In this Q&A with the Business Value Exchange, Martin describes the nature of DXC’s work with NEVS to build plants in Trollhättan, Sweden and Tianjin, China, and the future of connected manufacturing.
What is the landscape today for the auto manufacturer?
ML: Auto manufacturing is probably the most disruptable business around, susceptible to volatile markets and price fluctuations of materials, and a shifting regulatory landscape. Rising fuel prices and growing environmental concerns among consumers are encouraging car manufacturers to expand their portfolios of cars and shift production to hybrid electric or green energy automobiles. The emergence of the connected car is another factor for change, enabling a shift in the marketplace or traditional consumption pattern towards subscription and car sharing solutions. In the near future, car companies may not sell the car as a commodity product but as a custom mobility service for a particular profile of usage, whether as a commute or a leisure trip. Car users will care less about ownership than simply being able to transport themselves in the optimum fashion, and this will extend the business model out to something new.
I think many European auto makers would like to do what NEVS is doing, and take the opportunity to build a modern, state-of-the-art integrated platform – but it’s expensive and complex if you have a large operation ongoing at full speed with big legacy system dependencies. The end goal is to have everything supported out of few integration systems from the initial order of a car to the final sale and transportation of the vehicle. Every input is automatically collected through the Order-to-Delivery and production processes, to be visible to management in financial and controlling systems instantly. The potential of new levels of integration enables real-time business insight and value chain synchronization for a quick ‘Sense and Response’ business capability, as part of the effort of NEVS next generation connected manufacturing vision.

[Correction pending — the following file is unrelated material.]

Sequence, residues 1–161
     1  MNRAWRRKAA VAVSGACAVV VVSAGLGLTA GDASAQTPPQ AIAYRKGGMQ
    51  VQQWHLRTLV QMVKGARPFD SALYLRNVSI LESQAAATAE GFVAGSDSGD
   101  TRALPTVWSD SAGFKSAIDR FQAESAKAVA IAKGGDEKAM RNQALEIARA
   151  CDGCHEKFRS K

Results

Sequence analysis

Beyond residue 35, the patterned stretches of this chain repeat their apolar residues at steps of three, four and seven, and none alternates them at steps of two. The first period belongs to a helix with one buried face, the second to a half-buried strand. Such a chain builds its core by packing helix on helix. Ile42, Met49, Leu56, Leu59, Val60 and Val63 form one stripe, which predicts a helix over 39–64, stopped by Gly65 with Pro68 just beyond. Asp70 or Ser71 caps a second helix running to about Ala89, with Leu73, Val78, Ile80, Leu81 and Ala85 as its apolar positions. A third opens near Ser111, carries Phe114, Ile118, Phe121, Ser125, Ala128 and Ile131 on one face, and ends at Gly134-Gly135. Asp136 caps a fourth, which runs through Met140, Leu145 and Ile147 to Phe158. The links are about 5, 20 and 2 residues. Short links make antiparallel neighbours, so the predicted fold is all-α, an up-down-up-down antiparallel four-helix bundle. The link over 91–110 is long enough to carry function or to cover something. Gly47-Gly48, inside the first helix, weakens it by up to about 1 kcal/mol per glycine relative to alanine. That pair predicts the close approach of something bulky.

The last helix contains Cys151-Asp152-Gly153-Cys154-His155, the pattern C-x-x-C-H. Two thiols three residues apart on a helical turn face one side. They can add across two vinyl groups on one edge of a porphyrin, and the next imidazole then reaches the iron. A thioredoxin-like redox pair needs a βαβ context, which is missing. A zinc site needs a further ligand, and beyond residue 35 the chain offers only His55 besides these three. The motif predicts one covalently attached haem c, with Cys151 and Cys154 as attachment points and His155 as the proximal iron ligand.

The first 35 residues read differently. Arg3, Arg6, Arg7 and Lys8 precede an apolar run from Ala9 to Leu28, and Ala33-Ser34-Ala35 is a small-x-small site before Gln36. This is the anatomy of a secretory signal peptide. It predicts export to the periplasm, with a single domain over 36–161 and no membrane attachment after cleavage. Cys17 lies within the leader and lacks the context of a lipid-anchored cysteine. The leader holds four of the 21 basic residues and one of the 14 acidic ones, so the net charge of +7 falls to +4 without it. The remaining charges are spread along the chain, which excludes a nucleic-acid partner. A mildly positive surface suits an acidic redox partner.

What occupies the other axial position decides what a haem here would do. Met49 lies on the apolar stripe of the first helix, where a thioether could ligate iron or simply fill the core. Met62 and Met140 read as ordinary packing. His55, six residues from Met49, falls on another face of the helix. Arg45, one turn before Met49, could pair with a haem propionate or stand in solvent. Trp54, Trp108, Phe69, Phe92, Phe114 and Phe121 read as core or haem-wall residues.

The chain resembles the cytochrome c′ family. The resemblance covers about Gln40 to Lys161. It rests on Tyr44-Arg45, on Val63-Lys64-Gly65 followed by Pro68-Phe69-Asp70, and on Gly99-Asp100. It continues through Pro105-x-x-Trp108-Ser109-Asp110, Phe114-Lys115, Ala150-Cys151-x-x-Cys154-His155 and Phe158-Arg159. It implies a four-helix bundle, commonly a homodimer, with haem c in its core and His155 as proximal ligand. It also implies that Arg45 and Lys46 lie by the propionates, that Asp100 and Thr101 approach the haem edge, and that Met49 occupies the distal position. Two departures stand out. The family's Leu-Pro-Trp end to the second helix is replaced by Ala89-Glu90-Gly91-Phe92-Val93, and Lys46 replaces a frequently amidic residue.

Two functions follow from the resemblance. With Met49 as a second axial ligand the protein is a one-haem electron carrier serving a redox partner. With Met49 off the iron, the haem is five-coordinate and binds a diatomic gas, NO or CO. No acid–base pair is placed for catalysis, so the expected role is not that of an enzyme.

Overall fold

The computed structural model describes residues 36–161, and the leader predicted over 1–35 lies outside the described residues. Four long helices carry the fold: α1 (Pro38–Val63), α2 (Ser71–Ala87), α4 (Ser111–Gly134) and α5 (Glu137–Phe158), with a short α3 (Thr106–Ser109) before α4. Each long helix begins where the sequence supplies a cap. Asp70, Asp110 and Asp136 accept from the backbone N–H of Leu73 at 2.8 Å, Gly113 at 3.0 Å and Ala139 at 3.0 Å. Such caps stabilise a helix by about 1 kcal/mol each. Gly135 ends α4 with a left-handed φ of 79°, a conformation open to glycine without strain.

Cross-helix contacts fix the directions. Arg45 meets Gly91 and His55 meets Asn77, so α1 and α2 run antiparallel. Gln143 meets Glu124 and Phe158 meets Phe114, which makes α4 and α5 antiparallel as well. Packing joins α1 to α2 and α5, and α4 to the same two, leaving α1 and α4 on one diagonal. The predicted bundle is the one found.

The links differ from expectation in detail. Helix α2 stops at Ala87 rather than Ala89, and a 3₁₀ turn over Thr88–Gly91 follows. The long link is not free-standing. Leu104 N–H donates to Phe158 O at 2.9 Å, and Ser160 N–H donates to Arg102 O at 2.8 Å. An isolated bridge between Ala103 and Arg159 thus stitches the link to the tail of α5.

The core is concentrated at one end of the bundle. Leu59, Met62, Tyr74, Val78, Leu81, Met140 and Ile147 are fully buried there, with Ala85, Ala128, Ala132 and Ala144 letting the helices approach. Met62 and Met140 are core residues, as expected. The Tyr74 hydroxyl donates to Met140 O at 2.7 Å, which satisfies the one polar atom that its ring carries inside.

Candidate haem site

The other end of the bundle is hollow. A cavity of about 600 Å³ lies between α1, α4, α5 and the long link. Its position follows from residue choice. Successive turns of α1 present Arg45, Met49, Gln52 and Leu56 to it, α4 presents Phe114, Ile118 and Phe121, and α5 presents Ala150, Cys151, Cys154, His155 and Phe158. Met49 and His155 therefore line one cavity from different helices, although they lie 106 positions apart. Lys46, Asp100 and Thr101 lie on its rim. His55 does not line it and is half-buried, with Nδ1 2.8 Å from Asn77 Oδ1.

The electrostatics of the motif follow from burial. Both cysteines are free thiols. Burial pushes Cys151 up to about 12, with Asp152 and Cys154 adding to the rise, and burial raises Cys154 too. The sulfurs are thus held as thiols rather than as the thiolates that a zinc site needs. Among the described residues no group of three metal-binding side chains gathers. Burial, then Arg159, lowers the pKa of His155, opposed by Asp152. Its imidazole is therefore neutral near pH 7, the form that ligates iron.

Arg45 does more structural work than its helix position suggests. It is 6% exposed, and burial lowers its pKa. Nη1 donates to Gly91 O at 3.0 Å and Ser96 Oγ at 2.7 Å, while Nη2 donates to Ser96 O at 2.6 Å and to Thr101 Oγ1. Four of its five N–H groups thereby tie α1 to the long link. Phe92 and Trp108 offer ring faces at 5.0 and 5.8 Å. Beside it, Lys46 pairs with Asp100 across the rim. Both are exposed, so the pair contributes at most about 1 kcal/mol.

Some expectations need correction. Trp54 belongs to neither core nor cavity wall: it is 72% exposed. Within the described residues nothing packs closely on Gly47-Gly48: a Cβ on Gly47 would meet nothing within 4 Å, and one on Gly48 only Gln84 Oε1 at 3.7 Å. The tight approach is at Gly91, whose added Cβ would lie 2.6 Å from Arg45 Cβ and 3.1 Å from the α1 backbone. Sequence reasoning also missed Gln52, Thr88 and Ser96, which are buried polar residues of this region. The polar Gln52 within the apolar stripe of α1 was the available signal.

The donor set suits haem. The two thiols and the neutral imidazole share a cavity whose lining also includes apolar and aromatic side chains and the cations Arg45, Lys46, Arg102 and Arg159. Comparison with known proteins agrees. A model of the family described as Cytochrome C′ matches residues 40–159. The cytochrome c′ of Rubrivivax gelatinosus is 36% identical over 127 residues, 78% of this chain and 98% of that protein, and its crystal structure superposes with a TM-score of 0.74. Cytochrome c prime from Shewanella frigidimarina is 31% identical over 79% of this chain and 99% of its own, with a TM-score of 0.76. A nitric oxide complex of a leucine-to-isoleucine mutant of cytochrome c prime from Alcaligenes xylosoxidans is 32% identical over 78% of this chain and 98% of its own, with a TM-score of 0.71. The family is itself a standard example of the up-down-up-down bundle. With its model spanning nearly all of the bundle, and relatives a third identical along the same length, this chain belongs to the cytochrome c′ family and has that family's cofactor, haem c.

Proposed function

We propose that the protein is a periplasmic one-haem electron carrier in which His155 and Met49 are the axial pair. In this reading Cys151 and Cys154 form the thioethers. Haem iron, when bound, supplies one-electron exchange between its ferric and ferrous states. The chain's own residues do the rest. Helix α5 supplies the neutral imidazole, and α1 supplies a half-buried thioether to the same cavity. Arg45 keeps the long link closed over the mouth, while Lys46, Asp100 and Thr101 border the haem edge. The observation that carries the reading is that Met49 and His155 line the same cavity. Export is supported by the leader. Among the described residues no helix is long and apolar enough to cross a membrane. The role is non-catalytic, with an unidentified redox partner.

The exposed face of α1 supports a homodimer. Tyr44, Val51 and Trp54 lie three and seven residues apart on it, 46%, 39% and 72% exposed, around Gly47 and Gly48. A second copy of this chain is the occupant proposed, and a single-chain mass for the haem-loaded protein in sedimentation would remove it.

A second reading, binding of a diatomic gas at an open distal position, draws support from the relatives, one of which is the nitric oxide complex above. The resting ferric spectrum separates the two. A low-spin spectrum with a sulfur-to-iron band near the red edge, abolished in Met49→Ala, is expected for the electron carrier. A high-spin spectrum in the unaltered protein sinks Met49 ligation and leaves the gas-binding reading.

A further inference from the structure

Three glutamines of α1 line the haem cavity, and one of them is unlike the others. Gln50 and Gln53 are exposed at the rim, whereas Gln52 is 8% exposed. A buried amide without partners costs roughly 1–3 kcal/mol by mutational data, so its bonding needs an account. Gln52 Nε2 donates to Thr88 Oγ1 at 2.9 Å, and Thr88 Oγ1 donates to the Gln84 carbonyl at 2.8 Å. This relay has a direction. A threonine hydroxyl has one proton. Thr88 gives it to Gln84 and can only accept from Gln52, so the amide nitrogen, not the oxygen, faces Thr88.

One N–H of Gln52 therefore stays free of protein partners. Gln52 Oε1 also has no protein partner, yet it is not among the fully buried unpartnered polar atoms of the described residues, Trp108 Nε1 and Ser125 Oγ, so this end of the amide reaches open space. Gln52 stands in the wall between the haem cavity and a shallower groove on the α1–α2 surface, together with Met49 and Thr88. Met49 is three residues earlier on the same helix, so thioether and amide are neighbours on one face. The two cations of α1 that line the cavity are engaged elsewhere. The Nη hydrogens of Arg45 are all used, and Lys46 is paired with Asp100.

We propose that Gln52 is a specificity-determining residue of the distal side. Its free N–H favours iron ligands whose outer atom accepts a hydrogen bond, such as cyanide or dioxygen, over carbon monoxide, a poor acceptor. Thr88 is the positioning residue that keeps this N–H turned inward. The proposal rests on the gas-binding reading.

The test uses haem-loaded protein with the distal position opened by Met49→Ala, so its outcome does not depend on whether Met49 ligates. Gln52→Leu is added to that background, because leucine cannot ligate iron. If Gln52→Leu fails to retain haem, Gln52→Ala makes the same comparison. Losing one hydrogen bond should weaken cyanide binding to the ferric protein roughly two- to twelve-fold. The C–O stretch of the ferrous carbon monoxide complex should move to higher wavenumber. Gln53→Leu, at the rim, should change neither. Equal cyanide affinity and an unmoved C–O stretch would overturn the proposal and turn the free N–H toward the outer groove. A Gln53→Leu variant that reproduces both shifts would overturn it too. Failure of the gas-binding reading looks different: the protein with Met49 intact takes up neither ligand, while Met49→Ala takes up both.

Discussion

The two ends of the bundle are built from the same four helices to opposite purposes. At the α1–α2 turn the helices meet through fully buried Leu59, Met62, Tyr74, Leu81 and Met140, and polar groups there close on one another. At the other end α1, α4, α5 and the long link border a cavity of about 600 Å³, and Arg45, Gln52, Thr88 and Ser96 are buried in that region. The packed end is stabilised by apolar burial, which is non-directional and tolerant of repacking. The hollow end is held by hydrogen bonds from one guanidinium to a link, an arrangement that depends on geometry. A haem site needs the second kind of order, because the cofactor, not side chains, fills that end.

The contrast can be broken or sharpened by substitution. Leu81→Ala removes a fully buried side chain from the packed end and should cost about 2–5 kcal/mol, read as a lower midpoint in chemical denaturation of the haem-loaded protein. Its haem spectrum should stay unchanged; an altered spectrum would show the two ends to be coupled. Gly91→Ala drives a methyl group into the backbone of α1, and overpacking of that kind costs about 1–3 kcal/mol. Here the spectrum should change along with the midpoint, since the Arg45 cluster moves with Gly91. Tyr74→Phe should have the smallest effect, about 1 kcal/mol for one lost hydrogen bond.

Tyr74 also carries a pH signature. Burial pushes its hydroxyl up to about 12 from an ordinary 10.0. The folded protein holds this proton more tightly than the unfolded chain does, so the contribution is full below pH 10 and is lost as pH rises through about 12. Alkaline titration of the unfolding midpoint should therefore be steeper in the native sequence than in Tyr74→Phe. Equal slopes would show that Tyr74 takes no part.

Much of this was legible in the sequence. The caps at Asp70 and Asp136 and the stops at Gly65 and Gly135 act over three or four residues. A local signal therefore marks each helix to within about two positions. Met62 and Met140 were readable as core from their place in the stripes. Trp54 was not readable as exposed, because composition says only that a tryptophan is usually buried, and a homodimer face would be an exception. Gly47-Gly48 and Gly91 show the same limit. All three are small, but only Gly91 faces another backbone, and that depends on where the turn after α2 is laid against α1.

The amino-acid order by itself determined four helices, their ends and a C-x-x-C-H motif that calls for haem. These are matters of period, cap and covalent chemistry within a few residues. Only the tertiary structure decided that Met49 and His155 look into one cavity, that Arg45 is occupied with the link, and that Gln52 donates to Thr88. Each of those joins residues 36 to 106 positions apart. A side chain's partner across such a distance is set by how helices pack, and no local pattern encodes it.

What is the scope of the NEVS project?
ML: We began the partnership with NEVS in 2012, having deep local knowledge of the Saab legacy, of the business, the processes and the systems. That Phase Zero piece of work consisted of plugging gaps in the legacy platform for procurement, manufacturing and logistics and at the same time getting financial systems in shape for the initial needs in the early days of NEVS. After NEVS acquired assets from Saab Automobile in 2012, there were a lot of holes in the chain of processes: many departmental systems were off limits because the intellectual property belonged to General Motors, the former parent of Saab Automobile. The first phase of the SAP implementation was to establish those initial steps on the integrated end-to-end roadmap.
The new phase and the remit of the latest DXC-NEVS partnership is to execute on the roadmap and together modernize and make the Swedish plant operational, and to establish a brand new plant in Tianjin outside Beijing. In between the first and second partnership deals with NEVS, there’s been a rapid development of SAP as a product from a technology standpoint. S/4HANA, and the modern database technology with in-memory computing capabilities is the de facto standard. HANA brings many advantages that we can capitalize on when operating in the high volume, high complexity product arena that characterizes the environment of the automotive manufacturer.